This was only days after I'd been operated on for a highly malignant glioblastoma multiforme brain tumour. The ABC was running a competition about interesting local cricketing stories, when this one came up.
You can (and should!) read it more fully and better described here, but the gist of it as I heard it on the radio was this. The brother of a young cricketer called Glenn McGowran had told the story of how Glenn, battling a malignant brain tumour of a different type to mine still played his cricket, even when he was having seizures.
focal seizure, it takes guts, and sporting friend and foe alike respected that, as he expected no favours when the game resumed. When he was fielding, he just continued playing if a seizure was hanging around.
In précis form like this, it doesn't seem as great as it is, but it was truly inspirational. Not surprisingly, it won the story competition. It wouldn't have mattered if it hadn't. The story was the thing that counted. It's told better than I can in other stories here and here.
If anything happens by chance, then chance dictated that I would meet up with his brother Paul, the one who'd sent his story to the ABC. It wasn't a physical meeting, but a brief Twitter exchange only a few weeks ago. It established that instantaneous bond between people who share a life-and-death family experience.
That's not quite the centrepiece of my story. Malignant brain tumours are relentless bastards - there are few other words for them, and they've been called worse. By me as well as other people. The problem rarely goes away altogether. Glenn's been battling this since 2006. There are periods of imminent danger and those of remission.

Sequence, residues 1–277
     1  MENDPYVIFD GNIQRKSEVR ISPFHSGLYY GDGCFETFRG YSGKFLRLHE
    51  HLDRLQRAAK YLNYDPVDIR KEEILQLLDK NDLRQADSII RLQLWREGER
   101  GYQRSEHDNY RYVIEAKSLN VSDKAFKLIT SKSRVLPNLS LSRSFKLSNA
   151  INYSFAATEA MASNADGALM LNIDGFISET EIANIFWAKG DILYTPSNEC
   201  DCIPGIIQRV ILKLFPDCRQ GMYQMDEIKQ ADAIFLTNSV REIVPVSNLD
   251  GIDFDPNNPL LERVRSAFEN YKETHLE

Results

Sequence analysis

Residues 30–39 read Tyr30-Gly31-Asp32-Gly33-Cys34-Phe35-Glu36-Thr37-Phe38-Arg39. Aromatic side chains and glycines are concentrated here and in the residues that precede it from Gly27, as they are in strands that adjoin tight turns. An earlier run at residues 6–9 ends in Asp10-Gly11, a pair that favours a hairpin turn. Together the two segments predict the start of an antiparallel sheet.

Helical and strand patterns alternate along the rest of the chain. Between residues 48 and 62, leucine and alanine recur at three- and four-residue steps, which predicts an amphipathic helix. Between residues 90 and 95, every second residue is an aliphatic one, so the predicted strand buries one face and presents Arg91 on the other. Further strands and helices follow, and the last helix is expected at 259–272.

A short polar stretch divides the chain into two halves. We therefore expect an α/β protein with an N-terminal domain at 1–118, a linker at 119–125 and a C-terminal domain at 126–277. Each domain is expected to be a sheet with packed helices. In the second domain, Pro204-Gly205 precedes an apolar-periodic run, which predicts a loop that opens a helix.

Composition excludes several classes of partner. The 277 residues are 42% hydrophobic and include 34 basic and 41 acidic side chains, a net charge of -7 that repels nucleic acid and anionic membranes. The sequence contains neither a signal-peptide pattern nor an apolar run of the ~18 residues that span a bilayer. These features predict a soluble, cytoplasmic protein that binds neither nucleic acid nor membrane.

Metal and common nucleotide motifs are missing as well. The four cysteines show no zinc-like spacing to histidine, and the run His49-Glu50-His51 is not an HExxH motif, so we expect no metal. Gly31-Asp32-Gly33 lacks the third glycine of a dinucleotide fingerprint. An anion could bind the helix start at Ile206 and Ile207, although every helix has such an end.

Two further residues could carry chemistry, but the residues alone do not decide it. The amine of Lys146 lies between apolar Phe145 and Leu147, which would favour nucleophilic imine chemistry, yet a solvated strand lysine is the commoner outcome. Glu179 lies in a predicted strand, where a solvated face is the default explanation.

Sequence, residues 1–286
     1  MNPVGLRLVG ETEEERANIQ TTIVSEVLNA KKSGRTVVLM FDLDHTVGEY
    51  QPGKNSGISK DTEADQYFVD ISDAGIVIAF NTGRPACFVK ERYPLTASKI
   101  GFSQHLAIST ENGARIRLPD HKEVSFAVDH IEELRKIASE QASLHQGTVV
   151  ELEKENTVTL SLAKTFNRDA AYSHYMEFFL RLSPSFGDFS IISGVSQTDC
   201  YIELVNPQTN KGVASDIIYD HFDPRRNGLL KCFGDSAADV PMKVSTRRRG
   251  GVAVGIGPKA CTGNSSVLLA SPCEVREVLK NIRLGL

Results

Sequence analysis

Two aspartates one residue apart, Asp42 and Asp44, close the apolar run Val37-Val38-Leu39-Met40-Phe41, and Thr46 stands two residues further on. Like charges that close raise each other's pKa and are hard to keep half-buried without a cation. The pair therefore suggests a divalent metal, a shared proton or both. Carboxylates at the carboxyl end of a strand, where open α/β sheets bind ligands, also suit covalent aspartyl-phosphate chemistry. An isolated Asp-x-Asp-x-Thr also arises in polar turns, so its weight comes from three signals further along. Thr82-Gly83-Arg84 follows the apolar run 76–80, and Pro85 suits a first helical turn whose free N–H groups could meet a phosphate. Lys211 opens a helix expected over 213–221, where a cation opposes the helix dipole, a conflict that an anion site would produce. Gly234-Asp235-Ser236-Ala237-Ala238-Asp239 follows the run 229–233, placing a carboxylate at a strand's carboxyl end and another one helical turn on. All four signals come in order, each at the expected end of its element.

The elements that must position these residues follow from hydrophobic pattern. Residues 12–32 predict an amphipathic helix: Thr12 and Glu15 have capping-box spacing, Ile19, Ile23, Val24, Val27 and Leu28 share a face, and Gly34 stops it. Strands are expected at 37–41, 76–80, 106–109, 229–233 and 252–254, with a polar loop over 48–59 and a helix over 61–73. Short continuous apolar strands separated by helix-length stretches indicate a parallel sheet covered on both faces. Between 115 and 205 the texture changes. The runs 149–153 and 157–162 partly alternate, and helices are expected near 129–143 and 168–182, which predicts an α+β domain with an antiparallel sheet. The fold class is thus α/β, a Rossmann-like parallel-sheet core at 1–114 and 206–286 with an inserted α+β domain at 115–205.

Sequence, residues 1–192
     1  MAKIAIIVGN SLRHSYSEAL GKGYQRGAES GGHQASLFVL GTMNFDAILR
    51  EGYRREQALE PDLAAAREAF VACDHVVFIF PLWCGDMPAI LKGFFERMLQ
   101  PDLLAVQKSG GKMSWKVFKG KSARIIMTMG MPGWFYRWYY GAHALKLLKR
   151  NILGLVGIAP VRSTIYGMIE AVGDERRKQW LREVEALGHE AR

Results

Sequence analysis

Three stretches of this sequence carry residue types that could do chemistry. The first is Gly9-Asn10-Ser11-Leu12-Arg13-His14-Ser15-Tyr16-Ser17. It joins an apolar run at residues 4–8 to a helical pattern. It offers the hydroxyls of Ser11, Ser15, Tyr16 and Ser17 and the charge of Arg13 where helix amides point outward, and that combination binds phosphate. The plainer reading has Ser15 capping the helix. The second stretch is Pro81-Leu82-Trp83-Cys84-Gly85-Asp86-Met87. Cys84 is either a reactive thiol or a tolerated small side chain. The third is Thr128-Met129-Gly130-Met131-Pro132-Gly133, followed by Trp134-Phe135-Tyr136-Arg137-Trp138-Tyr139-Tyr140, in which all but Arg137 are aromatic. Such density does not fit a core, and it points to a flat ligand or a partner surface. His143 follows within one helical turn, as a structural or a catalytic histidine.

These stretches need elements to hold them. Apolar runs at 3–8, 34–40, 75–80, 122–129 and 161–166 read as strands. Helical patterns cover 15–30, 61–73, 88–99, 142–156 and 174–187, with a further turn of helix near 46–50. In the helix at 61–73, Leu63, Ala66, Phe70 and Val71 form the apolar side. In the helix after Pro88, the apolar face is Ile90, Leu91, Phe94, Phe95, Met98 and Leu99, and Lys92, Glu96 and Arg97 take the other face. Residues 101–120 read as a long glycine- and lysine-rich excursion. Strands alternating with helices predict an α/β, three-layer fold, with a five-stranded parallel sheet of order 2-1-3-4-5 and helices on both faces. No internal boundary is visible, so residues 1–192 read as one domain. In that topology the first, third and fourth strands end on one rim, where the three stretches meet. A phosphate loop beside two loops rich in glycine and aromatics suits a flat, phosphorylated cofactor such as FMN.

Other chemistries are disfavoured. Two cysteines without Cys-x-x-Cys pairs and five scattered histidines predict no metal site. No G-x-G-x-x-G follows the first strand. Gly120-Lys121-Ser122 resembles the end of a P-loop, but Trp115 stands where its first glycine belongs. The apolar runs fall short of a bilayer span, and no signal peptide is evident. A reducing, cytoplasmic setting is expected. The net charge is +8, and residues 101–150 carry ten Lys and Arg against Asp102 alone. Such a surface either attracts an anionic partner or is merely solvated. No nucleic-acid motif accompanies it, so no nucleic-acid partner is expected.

The highest grades of tumours can't be eradicated entirely, as a rule. They are a Sword of Damocles that hangs over the lives of those who have them, and just as importantly, over their close families.
Sometimes I think the pain of those close to a person with a very serious medical problem is placed on the periphery, but it's also at the centre of their lives as well. It's especially poignant when the person is young: a child or young mother or father, or one where their children really need them and where their greatest wish is to see their children safely into adulthood.
Glenn's going to be a daddy in a few months. Imagine if you will the stress that he and his family felt when the next brain scan (MRI) was due a few weeks ago. Seeing what's below, it would be impossible not to appreciate and share the joy with them all of knowing that a good period of grace is ahead, and perhaps one allowing enough time to access the medication that will deal with the tumour once and for all.
You need more words than that? I don't see why. That symbol at the end, if you don't know, stands for a wide smile. :D
Who needs more? Merry Christmas, McGowran clan.
(NOTE: The photos have been shamelessly plundered from the newspaper articles I've referenced above. I thank them.)